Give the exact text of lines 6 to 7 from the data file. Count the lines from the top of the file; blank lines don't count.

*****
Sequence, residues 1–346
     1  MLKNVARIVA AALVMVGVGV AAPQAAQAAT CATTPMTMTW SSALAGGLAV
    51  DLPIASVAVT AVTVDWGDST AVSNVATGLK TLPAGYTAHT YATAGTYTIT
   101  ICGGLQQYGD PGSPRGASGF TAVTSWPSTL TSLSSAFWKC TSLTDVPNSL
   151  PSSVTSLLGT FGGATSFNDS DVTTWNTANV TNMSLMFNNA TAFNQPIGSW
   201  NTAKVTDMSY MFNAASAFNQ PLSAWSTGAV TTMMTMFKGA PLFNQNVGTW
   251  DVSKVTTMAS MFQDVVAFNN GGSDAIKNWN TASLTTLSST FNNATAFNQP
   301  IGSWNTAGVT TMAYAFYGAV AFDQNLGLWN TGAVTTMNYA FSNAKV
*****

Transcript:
   201  NTAKVTDMSY MFNAASAFNQ PLSAWSTGAV TTMMTMFKGA PLFNQNVGTW
   251  DVSKVTTMAS MFQDVVAFNN GGSDAIKNWN TASLTTLSST FNNATAFNQP